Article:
High School Journals English 1 for lesson 5 and 6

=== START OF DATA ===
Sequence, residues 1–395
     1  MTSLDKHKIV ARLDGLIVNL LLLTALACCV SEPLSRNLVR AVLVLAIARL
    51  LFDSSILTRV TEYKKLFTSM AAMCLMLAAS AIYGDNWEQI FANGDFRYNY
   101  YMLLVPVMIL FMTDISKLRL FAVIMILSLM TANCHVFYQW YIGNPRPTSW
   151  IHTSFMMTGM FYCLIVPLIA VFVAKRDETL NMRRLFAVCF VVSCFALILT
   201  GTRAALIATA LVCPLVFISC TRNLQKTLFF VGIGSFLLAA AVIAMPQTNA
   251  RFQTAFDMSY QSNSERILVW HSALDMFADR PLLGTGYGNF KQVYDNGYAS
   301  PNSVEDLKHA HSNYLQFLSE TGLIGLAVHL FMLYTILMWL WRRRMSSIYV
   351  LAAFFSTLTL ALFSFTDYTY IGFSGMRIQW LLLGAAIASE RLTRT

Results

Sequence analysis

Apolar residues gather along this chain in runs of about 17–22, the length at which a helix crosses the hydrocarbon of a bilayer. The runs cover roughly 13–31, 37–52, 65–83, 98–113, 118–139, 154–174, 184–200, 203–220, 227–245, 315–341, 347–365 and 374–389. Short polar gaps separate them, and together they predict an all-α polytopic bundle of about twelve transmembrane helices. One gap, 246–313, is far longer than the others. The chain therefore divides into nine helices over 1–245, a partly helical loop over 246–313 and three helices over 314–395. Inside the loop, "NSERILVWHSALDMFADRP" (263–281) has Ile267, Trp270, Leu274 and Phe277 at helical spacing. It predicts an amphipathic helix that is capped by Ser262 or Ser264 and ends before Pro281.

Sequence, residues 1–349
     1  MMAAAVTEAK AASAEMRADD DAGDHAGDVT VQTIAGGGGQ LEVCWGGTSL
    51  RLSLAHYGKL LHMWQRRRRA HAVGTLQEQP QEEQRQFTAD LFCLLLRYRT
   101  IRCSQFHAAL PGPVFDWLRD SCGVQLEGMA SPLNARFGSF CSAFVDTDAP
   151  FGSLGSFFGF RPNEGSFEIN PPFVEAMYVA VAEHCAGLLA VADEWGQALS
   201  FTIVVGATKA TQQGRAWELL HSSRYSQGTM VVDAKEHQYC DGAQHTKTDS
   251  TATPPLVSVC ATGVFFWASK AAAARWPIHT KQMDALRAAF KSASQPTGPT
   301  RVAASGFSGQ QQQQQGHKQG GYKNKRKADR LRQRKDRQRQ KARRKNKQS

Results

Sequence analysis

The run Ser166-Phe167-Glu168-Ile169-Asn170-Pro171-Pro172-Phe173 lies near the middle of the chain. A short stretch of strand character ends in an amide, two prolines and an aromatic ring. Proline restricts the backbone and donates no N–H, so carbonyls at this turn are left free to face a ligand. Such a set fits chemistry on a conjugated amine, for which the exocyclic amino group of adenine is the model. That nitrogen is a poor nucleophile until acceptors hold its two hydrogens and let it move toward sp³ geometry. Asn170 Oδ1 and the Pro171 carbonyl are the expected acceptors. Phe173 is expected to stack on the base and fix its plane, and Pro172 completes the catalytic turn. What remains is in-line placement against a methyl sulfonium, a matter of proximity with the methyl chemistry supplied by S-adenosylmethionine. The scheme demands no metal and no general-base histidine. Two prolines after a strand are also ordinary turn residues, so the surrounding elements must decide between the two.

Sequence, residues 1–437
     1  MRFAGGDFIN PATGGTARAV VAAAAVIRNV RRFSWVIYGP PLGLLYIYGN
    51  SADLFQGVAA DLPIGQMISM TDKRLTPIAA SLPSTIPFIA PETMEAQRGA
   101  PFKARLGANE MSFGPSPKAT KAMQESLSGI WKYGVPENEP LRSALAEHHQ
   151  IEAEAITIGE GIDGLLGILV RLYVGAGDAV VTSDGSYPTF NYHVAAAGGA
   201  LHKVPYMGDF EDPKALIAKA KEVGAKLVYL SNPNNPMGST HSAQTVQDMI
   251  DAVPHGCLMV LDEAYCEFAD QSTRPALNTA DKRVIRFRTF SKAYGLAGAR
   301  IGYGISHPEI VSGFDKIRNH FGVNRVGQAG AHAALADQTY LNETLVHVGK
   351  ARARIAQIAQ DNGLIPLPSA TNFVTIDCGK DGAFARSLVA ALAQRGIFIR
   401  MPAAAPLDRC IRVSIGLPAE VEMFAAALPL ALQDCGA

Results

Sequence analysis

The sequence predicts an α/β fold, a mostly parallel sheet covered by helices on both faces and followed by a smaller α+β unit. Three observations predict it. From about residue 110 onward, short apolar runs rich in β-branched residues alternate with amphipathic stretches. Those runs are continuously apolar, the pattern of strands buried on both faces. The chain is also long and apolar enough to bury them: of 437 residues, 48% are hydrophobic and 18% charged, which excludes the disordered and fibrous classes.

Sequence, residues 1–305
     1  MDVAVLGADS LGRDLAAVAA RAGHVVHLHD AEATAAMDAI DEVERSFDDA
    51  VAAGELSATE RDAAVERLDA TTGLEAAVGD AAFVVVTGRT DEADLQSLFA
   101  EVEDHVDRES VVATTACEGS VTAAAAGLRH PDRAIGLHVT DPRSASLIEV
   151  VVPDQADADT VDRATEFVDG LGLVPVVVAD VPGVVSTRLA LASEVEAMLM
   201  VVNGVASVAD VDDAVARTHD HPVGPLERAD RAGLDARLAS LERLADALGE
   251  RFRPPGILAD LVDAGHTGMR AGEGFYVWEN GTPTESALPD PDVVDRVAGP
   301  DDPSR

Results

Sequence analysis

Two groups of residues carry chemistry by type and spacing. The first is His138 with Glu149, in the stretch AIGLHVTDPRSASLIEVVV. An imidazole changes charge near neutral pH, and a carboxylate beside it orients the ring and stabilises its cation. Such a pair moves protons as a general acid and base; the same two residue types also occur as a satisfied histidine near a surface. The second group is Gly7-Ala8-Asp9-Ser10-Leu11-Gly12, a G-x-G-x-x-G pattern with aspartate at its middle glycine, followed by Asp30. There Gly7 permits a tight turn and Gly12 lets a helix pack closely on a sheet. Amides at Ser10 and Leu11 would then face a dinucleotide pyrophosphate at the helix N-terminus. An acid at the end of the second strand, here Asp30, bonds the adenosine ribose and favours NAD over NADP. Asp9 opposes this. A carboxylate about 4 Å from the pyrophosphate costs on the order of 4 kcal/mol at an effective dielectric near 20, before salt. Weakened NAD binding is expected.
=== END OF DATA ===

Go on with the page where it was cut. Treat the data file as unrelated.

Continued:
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We are more than satisfied. You taught her things to do, how to behave. She’s more manageable, cleaner. Annie Sullivan: Cleaner? Captain Arthur Keller: Well, we say cleanliness is next to godliness. Annie Sullivan: Cleanliness is next to nothing! Give me more time with her. Captain Arthur Keller: Look, what’s she spelling? Teaching a dog to spell? The dog doesn’t know what she means any more than she knows what you mean, Miss Sullivan. I think you ask too much of her and yourself. God may not have meant Helen to have the eyes you speak of. Annie Sullivan: I mean her to. This section of the play is informative in a number of ways. Firstly, it shows how Captain Arthur Keller feels towards his daughter, describing her as a ‘dog’. It illustrates the attitudes of people at the time towards people who are deaf, blind and mute, and allows the achievements of Helen Keller to seem even more amazing than they previously did. Helen Keller survived and accomplished a lot despite this negative attitude from her father. The determination of Annie Sullivan is also illustrated well here, as she demands another week with Keller to help improve her spelling and other skills. She demands this time despite the protests of her boss, and is determined that Keller should be able to learn all the skills available to other children. It was the determination of Annie Sullivan against all odds that has allowed the development of Helen Keller into the famous figure she is today. Lesson 5 Journal Entry 3 The theme I have chosen for my interpretive essay on The Miracle Worker is perception. The main role of perception in this play is that it is a contrast between someone without typical perception, Helen Keller, and those around her with normal perception. It is about how the characters in the play assume that Keller cannot learn language because of her deafness, blindness and muteness. The perception of Keller also changes because Annie Sullivan shows that it is possible for someone with these setbacks to possess language and become involved in daily life. Lesson 5 Journal Entry 4 This entry is written from the perspective of Anagnos. Today, I awoke and performed my daily ablutions before walking to the Perkin’s Institute for the Blind. I have a meeting with Annie today, someone who I placed into the home of a girl who is not only blind, but deaf and mute. Helen Keller. She’s a highly intelligent girl with a lot to give as governess, although she tends to have a high opinion of herself and believe she can work miracles. It is both a blessing and a curse to have someone so dedicated working with the blind, as she gets rather frustrated when she cannot complete the task she has set herself, something which occurs frequently when working with other people, particularly young people. Annie today speaks to me of how Captain Arthur Keller, Helen’s father, will not allow her to work with Helen longer, although she feels that she has something more to give to the child. It’s upsetting to see Annie might fail at her job, but I placed her in this household for a reason. She has to do as the Captain wishes, although she does present a good number of reasons why she should stay and be allowed further interaction with the girl. This is an example of the determination that I mentioned earlier. It will be interesting to see how this case progresses. Lesson 5 Journal Entry 5 The following timeline is based on how the perception of the world for Helen Keller has changed